I listen to the CBC. They have a number of call in shows. I have called in once. Never again. We all talk from a point of ignorance. Regarding eHealth, $1 Billion wasted. Not true. There was a lot of very fruitful work done. We will only know how much was wasted once a full audit is carried out. In the meantime stop talking about it. I read an article that talked about the simplicity of creating a database for eHealth. Ignorant columnist. Databases are difficult to create. Specially one that has to be scalable to meet the needs of about 13 million people. Let us use the system pioneered in Alberta they say. Articles have pointed out the shortcomings of the Alberta system, and how it will not meet the needs of Ontario. Alberta has 3 million users. Pay no heed, keep talking from a position of blissful ignorance.

And so we judge. She is too fat, too skinny, too blond, not blond enough. And so it goes.

Every comment you make about someone is derided by others as being judgmental. Specially if it is negative. Chinese are bad drivers. I am not allowed to say that anymore in front of Janet. It is derogatory. But saying something positive about the Chinese is OK. They are great business people. Janet and I had a long discussion about this. It does not help that we live around the corner from a Chinese community. I asked her why we are considered judgmental when we say something negative, but not something positive. I am still waiting for an answer. I am puzzled by this.

A close friend once remarked about how quickly I come to conclusions about people. She put it down to the extensive traveling and displacement our family has gone through. I did not say much about it. Seemed to make sense. Except that we make up our minds in the first 5 minutes. I was not so unusually speedy after all. I do make up my mind quickly. So does the rest of my family. We come across as harsh and judgmental. Give them time to prove themselves. How much time? What does proving oneself mean? Why do they have to prove themselves to me? Does this mean I have to prove myself to others? Why? Prove what? To what end?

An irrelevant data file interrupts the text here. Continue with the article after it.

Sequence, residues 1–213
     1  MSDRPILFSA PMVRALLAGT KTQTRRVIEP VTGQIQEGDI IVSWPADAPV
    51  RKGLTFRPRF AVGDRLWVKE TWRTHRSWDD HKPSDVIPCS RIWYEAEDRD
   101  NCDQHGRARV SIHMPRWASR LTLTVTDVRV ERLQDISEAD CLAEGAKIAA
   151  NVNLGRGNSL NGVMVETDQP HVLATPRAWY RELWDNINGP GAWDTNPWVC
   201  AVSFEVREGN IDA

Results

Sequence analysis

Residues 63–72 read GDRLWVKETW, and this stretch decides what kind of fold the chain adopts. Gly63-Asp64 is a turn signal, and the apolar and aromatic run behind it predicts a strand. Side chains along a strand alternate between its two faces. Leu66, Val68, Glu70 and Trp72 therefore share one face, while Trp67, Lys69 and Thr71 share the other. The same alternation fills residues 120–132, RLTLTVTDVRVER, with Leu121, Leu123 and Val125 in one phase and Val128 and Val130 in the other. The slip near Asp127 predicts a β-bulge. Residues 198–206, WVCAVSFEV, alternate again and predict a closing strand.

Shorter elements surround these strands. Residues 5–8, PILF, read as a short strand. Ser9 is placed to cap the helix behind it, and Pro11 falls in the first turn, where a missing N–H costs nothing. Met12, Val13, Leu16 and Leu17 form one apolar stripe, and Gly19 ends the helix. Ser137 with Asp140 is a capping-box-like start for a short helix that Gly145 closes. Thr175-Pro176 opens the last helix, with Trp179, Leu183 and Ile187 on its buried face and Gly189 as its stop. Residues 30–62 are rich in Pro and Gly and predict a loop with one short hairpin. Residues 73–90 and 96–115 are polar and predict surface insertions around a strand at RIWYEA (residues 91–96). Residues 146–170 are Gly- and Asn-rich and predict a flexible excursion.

The only person who can judge us is ourselves. Even then, we are poor at it. We often undermine our own capabilities. We waste a lot of time and energy on judging one another and people we do not even know.

I go shopping with Janet a lot. She does the shopping. I take pictures, or engage in a favourite activity. People watching. I am fascinated by people. The way they walk, talk, stand, sit. How women can rarely pass by a mirror without adjusting their hair. The body language is amazing. The insecurities, even in this very public domain, is flabbergasting. We are very uneasy in our own bodies. This appears to be true regardless of culture, I see the same things in other cultures when we go traveling. Every once in a while, you see someone who is very sure of themselves. It is like a breath of fresh air. They tend to stand straight, head held high, walk with confidence, and are oblivious to those around them. No one matters but them.

We are complex individuals.

© 2010 I Have Cancer Suffusion theme by Sayontan Sinha